Standing outside the Apartheid Museum in Johannesburg, one can be excused for feeling apprehension. After all, the museum represents over 40 years of systemic racial oppression, the effects of which still swirl around South African life.
But the discontent arises from something more immediate and visceral. Across the street from the museum, in a supremely terrible example of bad taste, sits Gold Reef City, a combination casino-theme park. You can’t really see it as much as you can hear it.
As you prepare to enter the monument to a people’s suffering, you can hear the low rumbling of the Anaconda and the screams of schoolchildren. Yes, screaming kids.
There’s no screaming inside the museum, of course, but there is a constant assault on the senses, a low-grade roar of moral depravity, a high-pitched scream that can’t be heard which says, “This is not past history.”
The word “apartheid” is an Afrikaans word meaning “apartness,” literally “apart-hood.” It came to be the name of a particular political ideology which strictly enforced segregation among the races in South Africa, with whites firmly in charge of the whole. A stroll through the museum unfolds the ramifications of such a policy — minority rule, pass laws, enforced population removals, police brutality, education disparities, and so on. The museum celebrates the long fight to overcome apartheid, including the many freedom fighters, students, and artists who played a role in the struggle.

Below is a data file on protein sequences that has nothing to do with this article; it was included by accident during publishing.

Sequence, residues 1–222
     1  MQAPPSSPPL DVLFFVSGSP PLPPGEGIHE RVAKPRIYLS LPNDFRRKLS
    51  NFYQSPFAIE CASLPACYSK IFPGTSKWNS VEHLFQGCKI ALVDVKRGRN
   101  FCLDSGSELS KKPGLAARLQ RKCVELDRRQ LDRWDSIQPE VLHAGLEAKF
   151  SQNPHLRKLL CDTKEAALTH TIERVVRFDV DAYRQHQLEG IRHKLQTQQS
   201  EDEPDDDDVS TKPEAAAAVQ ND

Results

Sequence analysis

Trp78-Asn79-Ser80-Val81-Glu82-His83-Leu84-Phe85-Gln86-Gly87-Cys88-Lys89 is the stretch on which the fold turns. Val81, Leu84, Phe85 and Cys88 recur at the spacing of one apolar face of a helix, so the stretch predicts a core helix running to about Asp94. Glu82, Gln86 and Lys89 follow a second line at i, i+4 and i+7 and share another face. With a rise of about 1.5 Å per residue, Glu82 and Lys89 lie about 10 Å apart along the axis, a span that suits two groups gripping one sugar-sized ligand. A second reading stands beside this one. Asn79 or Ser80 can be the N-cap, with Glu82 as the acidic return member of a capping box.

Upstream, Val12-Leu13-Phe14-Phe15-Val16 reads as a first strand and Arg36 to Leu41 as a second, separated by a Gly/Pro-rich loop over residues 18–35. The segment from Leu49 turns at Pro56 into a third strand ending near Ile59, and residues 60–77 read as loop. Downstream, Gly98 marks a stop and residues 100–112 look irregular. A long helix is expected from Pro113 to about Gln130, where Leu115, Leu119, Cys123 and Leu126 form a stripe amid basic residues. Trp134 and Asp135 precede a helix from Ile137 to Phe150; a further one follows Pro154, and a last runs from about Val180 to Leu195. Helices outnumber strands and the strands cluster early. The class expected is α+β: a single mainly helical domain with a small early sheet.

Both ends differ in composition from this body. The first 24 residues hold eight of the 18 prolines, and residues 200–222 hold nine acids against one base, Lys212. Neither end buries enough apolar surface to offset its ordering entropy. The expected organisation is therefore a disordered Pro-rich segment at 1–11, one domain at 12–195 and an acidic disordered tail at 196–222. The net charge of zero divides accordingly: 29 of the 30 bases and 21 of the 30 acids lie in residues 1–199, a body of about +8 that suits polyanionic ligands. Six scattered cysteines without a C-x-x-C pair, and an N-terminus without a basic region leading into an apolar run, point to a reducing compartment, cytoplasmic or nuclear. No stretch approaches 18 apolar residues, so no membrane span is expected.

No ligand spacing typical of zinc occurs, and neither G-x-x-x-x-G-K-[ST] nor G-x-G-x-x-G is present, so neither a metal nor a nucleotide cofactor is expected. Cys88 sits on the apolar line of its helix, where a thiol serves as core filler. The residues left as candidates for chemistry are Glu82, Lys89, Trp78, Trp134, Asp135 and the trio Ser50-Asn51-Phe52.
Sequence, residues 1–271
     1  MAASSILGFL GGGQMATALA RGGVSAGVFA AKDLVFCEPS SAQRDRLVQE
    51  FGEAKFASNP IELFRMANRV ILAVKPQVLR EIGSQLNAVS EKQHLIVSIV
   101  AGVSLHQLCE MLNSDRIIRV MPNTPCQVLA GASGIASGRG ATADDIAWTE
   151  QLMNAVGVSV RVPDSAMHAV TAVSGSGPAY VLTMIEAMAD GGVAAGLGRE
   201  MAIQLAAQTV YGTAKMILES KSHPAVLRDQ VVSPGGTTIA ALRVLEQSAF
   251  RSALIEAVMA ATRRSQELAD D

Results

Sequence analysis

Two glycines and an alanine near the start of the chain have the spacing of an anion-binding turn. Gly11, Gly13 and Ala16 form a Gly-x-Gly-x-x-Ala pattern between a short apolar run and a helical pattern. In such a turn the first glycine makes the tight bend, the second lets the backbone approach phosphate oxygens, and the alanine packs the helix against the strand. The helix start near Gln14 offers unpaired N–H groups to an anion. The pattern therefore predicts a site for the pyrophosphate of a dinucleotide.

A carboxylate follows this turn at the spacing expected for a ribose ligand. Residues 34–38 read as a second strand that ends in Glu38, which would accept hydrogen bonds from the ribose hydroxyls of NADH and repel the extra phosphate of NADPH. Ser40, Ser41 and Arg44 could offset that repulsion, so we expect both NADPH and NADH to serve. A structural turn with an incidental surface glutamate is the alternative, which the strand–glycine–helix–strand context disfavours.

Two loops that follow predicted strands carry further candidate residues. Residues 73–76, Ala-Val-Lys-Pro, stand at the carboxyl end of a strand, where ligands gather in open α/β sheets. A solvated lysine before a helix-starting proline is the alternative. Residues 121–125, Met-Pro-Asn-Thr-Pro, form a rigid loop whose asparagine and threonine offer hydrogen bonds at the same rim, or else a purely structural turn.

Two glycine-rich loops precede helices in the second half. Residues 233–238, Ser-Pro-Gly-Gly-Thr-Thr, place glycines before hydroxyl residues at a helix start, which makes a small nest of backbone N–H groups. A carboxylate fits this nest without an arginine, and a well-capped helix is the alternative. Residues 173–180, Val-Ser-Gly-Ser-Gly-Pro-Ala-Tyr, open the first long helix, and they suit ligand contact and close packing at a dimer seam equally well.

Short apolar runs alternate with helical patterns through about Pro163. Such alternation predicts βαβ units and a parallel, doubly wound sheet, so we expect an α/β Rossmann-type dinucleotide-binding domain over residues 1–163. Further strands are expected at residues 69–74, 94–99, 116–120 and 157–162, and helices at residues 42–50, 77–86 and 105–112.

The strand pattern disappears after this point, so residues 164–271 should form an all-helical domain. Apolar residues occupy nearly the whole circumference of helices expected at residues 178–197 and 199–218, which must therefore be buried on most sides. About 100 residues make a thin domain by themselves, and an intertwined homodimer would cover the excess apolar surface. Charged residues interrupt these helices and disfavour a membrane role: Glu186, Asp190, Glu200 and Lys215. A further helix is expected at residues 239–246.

Like any such monument to a national tragedy, whether the Holocaust Museum in Jerusalem, the Kigali Genocide Memorial in Rwanda, or the Tuol Sleng Genocide Museum in Cambodia, these museums are meant to bring the past to present awareness, but not just for the sake of remembering the victims or celebrating the heroes.
The real point of these places is to make you see the present in light of the past, to make sense of what is going on here and now. In other words, one should be able to hear the screams of today’s victims as well as yesterday’s.
HOLINESS AS RELIGIOUS APARTHEID
The very word “apartheid” has entered the contemporary lexicon as a historically-located word connoting a great social evil, alongside “Holocaust” and “Balkanization.” When it does not refer to the actual national policy of South Africa from 1948 to 1991, it is a slur, an accusation of immoral social divide. For a current event, witness the debate over whether Israel practices “apartheid” against Palestinians.